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Every two years they gather.
From all parts of the North America and far beyond they come.
They arrive with different motivations, yet all come to answer a similar
challenge. A challenge that originates deep from within. They seek answers
to questions that only they themselves can ask and only they alone may
provide answers. They've come to conquer personal demons and perhaps quell
inner doubts. They've come to compete, to measure themselves among other
like-minded souls. They have come to join the cadre of less than three
hundred that have completed this toughest motorcycle competition on Earth.
They seek membership in a fraternity where admission is granted only by
finishing. A fraternity more exclusive than those who have been to the peak
of Mt. Everest, a community tinier than the total of humans who have ever
traveled to outer space.
They have come to run THE Rally. These one hundred and twelve have come to
ride this 2001 Iron Butt Rally. They all will ride it alone; they all will
ride it together.
It is hot in Madison Alabama. Just a few miles west of Huntsville you'd
expect it to be hot in these dog days of late August. "But it is WET heat!"
laughs rally volunteer Ira Agins, himself a finisher of the last Iron Butt
Rally in 1999. The mug factor is high as perspiration freely rolls down his
back drawing dark wet blotches across his grey Iron Butt Association tee
shirt. Ira is a tech inspector. He is a volunteer like the majority of the
IBA staff here to assist in the start of this biennial competition. He and
other past finishers Dale Wilson, Tom Austin, Dennis Bittner and a score of
others have had their ride and earned their membership in the elite band of
rally veterans. They go about their tasks on Saturday and Sunday checking
license, insurance, registration and basic equipment. They check for
compliance to the rules and regulations that limit and define fuel storage,
aftermarket mufflers, and then send the entrants on a short route for
The Ramada Inn is a classic roadside motel that is rally headquarters, and
the site of both start and finish. The two story beige brick quadrangle has
been completely overtaken this third weekend in August by the Iron Butt
Association. Motorcycles and riders began to congregate at the Madison,
Alabama inn as early as the Friday before the scheduled rally start on
Monday, August 27, 2001. The vast majority of entrants are riding the major
marques, Honda, BMW, Harley Davidson, Yamaha and Kawasaki and all are mostly
of liter or larger engine displacements. But again, as in every past rally,
there are some notable exceptions. This year Leonard Aron is joined in his
biennial campaign of the antique and now defunct Indian brand by Richard
Frost. Aron is seeking his first successful finish among his fourth
consecutive start for the well-worn 1946 Indian Chief. Richard has brought
his 1953 Indian Roadmaster to spur a rally within the rally. Will Leonard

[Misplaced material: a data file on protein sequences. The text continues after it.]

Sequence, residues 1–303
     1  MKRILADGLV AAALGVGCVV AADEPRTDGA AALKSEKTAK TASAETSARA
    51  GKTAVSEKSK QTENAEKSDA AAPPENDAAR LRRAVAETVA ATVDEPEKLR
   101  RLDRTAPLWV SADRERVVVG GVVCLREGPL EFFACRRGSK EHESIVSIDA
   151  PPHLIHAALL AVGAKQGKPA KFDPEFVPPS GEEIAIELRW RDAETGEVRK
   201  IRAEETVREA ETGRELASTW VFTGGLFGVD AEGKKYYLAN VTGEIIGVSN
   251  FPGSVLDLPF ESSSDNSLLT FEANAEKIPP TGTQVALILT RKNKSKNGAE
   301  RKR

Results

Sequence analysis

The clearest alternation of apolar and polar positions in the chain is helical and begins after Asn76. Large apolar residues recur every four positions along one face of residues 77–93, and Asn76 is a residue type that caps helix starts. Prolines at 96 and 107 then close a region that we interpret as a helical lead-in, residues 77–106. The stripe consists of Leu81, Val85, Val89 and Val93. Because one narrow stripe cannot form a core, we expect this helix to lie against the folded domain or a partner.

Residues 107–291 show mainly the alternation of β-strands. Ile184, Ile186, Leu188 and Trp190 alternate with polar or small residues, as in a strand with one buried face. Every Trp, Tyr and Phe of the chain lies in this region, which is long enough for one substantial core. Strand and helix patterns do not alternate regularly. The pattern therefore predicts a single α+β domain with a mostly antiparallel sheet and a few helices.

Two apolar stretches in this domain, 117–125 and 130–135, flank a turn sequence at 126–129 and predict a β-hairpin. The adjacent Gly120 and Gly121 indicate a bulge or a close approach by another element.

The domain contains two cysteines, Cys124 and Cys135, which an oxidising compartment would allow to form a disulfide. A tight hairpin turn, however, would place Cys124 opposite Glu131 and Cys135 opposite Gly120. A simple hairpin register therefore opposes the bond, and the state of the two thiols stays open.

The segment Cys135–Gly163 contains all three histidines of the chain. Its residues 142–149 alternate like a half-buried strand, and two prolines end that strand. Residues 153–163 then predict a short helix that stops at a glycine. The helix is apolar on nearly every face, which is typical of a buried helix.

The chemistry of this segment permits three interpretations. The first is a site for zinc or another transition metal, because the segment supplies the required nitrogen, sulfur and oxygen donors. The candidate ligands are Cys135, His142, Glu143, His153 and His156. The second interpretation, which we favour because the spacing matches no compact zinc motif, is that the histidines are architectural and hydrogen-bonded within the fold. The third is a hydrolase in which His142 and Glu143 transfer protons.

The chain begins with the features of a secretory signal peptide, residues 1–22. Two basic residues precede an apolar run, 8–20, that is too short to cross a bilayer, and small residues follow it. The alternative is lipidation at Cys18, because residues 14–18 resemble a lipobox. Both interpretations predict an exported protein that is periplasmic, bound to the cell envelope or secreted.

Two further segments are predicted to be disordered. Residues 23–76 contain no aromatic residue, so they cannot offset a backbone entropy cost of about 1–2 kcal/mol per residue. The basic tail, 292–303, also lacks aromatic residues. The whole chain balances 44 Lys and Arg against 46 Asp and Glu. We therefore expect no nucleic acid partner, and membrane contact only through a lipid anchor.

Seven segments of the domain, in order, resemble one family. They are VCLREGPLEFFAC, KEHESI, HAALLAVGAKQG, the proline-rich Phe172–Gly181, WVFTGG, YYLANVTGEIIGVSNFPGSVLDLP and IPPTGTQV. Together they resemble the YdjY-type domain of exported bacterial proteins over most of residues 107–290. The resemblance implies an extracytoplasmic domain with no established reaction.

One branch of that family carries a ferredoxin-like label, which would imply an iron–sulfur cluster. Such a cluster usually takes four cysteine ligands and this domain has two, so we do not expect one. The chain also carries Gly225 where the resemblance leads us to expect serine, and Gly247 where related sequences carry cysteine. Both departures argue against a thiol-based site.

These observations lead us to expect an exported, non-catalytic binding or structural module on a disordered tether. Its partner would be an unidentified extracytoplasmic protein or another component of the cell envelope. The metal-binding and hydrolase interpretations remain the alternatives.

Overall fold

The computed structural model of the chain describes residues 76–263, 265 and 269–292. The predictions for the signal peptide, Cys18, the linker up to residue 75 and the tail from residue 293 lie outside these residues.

finally complete the circuit to that illusive last checkpoint? Will the
Roadmaster outlast the Chief?
Paul Pelland represents the Siberian Speed Team with his 2001 Russian made
Ural. This brand new solo Ural model sports the most up-to-date, state of
art technology available from the early seventies. Will it be enough to
overcome the rigors of an eleven-day eleven thousand mile ride across OUR
fruited plain? Will Paul and his Ural with its Germanic originated,
Soviet-Russo improved upon design prevail and realize Nikita Khrushchev's
prophecy to bury the field of competition?
A number of riders have discarded the conventional wisdom of liter class
power and opted to ride bikes of smaller displacement. A champion of the
"size does not matter" mantra, Canadian Bobb Todd has exchanged his contact
papered ride of 1997 and 1999, a very capable Honda ST1100, for a 125 CC
Honda. Joining Bobb in the diminutive displacement dare in a 2001 Cagiva 2
stroke is Paul Meridith. His mustard yellow Cagiva Mito looks very much like
a Ducati 916 suffering from dwarfism and in big need of steroids to
supplement the four-ounce engine displacement. Veteran Bob Ray has selected
a Honda Reflex scooter deciding that his 1997 entry, a Honda Pacific Coast,
possessed much too much horsepower overkill. Keith Keating campaigns a 1997
Suzuki GN125E as the other entrant in this the unofficial "Hopeless class".
Who will finish first in this group of advocates of the "little engine that
could" philosophy? Sure, they all say " I think I can, I think I can". But
do YOU think they can? Will conventional wisdom bring enlightenment to these
There is nothing conventional when it comes to describing the remaining
hundred plus entrants in this year's Iron Butt Rally. Rick "Mango" Morrison
has teamed with Gary "Hobatz" Eagan on a pair of matched rally prepped deep
blue Ducati ST4s. These ugly Duclings have hopes as high as the rev limits
on these sweet sounding vee twins. Another new ST4 is entered but in
stunning yellow color. It is being ridden by Michael and Caroline McDaniel
who will celebrate their second wedding anniversary aboard the new Ducati.
In the 1999 IBR they circled the country with "Just Married" on the Duc's
top box. This year the back their new bike proudly announces "Still
The weekend is filled with tech inspection, odometer inspection and rider's
meetings. Novices listen to the freely given advice and oft told war stories
of rally veterans some of which actually may be true. A nervous expectation
pervades this gathering of folks about to undertake the ride of their life.
Their entry into the select fraternity is not yet assured. Commencement
begins with the pre-rally banquet Sunday evening. An eleven-day test soon
follows on Monday morning.
The class of 2001 has now gathered.
The Iron Butt Rally is about to begin.